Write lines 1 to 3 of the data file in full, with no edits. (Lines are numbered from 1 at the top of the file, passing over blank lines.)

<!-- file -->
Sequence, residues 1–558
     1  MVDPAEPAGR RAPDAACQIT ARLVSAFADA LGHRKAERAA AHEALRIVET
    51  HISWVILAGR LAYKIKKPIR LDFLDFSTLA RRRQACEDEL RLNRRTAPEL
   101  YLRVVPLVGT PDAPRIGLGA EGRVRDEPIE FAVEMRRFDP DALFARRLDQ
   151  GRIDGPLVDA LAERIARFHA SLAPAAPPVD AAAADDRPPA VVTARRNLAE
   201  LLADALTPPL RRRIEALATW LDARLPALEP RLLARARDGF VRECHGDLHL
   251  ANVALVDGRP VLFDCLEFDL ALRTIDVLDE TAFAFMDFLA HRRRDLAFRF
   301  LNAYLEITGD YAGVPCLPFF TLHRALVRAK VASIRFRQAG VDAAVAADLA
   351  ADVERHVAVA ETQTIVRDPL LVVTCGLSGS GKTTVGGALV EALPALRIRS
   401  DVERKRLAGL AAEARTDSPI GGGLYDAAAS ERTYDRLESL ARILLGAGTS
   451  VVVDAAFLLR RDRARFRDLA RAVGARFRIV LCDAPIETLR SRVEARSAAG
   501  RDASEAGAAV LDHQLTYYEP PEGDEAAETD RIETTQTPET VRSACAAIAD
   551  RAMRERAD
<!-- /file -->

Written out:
Sequence, residues 1–558
     1  MVDPAEPAGR RAPDAACQIT ARLVSAFADA LGHRKAERAA AHEALRIVET
    51  HISWVILAGR LAYKIKKPIR LDFLDFSTLA RRRQACEDEL RLNRRTAPEL